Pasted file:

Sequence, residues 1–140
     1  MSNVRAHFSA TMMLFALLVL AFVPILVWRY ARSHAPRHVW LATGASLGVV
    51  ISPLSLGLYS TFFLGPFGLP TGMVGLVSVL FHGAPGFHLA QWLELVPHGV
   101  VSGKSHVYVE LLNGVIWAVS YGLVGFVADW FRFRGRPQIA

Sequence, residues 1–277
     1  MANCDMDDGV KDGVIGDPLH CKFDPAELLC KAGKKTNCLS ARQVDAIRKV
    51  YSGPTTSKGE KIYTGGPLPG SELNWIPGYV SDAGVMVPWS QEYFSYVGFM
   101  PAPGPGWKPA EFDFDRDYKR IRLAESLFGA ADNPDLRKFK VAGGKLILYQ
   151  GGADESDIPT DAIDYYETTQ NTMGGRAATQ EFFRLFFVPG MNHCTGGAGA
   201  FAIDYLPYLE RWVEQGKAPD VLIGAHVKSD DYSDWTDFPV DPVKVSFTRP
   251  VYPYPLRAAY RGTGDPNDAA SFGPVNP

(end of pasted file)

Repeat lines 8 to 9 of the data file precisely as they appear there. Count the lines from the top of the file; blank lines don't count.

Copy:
   101  PAPGPGWKPA EFDFDRDYKR IRLAESLFGA ADNPDLRKFK VAGGKLILYQ
   151  GGADESDIPT DAIDYYETTQ NTMGGRAATQ EFFRLFFVPG MNHCTGGAGA